– Violent clashes in France after protester killed ‘by police grenade’ (PHOTOS, VIDEO) (RT, Nov 2, 2014):
– Presidential Palace In Bosnia Set On Fire As Riots Break Out Protesting 40% Unemployment (ZeroHedge, Feb 8, 2014):
Another day, another European nation is hit by violent riots as protests over the economy and corruption spilled over violently into the street, this time Bosnia where more than 150 people were wounded on Friday in the worst civil unrest in the country since the 1992-95 war. The reason: anger over the dire state of domestic politics, the economic collapse and especially the country’s 40% unemployment rate. The Telegraph reports that angry protesters set fire to part of the presidential palace in Sarajevo, as well as government buildings in the capital Sarajevo, Tuzla and Zenica. At least 80 people were injured in Sarajevo and 10 in Zenica, authorities said. There were no immediate casualty figures from Tuzla, where the worst of the fighting was.
Bosnia is a relatively new entrant to the current iteration of mass protests, however judging by the severity of public anger, the country is doing its best to catch up with the rest of Europe.
– Rioters set Paris ablaze over ban on Islamic veil (Independent, July 21, 2013):
Twenty cars were burned and four people arrested early today in a second night of violence in a Paris suburb after allegedly heavy-handed police action to enforce France’s ban on the full-face Islamic veil.
Riot police were on patrol in the same suburb west of Paris this afternoon when a fire broke out in a disused furniture warehouse, but it was not immediately clear whether this had been started deliberately. Six young people were arrested in the suburb of Trappes on Friday night when 200 rioters besieged a local police station to protest against police violence. A 14-year-old boy suffered a serious eye injury.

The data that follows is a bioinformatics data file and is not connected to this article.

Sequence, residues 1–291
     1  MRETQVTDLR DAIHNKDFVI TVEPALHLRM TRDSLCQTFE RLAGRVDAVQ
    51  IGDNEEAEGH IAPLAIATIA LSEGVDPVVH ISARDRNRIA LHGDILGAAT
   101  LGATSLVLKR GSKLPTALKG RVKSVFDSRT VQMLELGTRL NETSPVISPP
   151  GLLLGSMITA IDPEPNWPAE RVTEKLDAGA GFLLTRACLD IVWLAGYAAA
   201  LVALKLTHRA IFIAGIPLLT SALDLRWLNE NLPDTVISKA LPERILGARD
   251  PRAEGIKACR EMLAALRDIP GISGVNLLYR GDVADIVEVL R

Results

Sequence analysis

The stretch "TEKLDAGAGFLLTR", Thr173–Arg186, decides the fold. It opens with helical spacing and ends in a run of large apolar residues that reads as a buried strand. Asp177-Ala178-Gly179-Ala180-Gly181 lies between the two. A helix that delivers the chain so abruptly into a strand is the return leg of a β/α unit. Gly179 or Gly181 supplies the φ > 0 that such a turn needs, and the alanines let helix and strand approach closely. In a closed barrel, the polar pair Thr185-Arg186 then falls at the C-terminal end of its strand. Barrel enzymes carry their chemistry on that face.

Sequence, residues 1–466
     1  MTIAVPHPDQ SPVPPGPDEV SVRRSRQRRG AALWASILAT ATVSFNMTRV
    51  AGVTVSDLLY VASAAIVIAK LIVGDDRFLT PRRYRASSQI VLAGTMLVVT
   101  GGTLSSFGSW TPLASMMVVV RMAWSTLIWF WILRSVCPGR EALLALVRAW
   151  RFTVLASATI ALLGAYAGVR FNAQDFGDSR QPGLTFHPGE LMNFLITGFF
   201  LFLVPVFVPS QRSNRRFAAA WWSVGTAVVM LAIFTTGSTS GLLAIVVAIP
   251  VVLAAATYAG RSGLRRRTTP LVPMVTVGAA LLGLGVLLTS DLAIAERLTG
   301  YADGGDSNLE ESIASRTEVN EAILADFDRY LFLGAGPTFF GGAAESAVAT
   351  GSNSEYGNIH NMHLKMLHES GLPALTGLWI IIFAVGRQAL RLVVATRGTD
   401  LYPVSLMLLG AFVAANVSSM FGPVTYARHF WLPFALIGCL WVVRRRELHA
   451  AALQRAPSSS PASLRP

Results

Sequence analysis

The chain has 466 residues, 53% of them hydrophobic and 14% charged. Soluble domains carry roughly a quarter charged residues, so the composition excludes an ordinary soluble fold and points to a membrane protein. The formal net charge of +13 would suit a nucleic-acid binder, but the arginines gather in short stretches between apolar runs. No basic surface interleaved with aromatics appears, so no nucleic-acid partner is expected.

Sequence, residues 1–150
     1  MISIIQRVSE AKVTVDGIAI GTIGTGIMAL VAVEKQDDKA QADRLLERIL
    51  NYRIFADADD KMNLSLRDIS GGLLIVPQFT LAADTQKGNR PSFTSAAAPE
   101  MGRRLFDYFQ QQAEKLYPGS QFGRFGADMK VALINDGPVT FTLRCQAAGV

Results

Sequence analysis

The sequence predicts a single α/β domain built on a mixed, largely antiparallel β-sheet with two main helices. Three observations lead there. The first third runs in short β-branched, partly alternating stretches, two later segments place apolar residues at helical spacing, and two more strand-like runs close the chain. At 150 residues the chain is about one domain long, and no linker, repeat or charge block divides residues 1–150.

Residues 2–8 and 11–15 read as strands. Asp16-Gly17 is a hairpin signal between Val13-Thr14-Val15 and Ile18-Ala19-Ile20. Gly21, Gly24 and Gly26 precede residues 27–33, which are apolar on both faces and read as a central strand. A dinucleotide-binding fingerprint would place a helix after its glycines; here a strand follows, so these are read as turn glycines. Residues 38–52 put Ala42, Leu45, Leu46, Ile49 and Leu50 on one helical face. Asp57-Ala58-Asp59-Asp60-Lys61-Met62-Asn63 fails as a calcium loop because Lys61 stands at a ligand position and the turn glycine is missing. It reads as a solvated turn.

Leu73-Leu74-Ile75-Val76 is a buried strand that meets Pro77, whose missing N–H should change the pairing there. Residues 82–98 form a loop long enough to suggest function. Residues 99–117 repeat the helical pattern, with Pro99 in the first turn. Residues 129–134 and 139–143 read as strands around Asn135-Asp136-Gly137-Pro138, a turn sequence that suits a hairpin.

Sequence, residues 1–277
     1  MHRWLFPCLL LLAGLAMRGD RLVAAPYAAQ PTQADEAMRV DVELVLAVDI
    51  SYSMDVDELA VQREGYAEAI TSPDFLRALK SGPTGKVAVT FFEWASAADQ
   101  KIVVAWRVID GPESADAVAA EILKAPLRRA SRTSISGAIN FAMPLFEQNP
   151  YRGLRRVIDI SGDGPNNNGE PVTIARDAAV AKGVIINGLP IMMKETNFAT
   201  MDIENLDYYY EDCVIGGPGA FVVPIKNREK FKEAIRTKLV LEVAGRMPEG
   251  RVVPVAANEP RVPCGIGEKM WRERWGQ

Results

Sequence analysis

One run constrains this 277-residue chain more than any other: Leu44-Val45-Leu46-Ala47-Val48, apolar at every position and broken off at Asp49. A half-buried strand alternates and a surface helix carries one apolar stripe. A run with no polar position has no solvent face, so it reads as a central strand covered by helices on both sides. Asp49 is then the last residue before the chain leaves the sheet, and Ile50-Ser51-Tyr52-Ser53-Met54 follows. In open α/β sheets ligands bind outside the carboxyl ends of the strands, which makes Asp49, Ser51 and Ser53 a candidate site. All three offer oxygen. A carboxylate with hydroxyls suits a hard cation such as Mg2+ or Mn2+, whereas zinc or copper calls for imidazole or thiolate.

Interior Minister Manuel Valls appealed for calm. Community leaders said that the riots were a response to the frequent violence and insulting language used by police, rather than a protest against the two-year-old law banning burkas or other full-face coverings.
On the second night of protest about 50 young people burned cars and threw Molotov cocktails at riot police. Both sides agree the protests began when a three-man police patrol stopped a young woman wearing a face veil on Friday night. The woman’s mother and husband became involved in an argument with the officers.
Police say the older woman rammed one officer with a pushchair, and her husband punched another and then tried to throttle him.
Divide et impera!
– Zimmerman verdict: NOT GUILTY – stay off the streets, everyone, and prepare for riots (Natural News, July 14, 2013):
The verdict is in on the Zimmerman trial: NOT GUILTY. The jury found that Zimmerman acted within his right of self defense when he shot and killed Trayvon Martin. He is being fully acquitted.
This bulletin isn’t about the trial itself, nor the merits of the verdict. This is about urging all Natural News readers to stay off the streets tonight and for the next few nights, because there are huge numbers of people who say they’re going to RIOT if the verdict comes back “not guilty,” and now that moment has arrived.
– US hit with civil disorder following Zimmerman ‘not guilty’ verdict (RT, July 14, 2013)
– Live Stream From Istanbul (ZeroHedge, June 11, 2013)
– Turkey’s Taksim Square Drenched in Blood as 900 Protesters Are Arrested (Extremely Graphic Content) (The Daily Sheeple, June 1, 2013)
Turkey is entering its third day of violent protests as police have withdrawn from Taksim Square and allowed the mass protests to continue.
Over 900 people have been arrested across Turkey for what the authorities called a security measure.
The first photo below was taken from a CNN IReport that CNN themselves have not vetted.
Blood in streets near Taksim Turkey
A shocking video report from RT shows violent clashes between police and protesters:
An RT article covered various aspects of the protests including how they started and what they stand for:
Police in Istanbul have withdrawn from Taksim Square, allowing the mass protest to continue unabated, Turkish media report. Istanbul and Ankara are entering the third day of violent protests, with tear gas and water cannon deployed and over 900 arrested.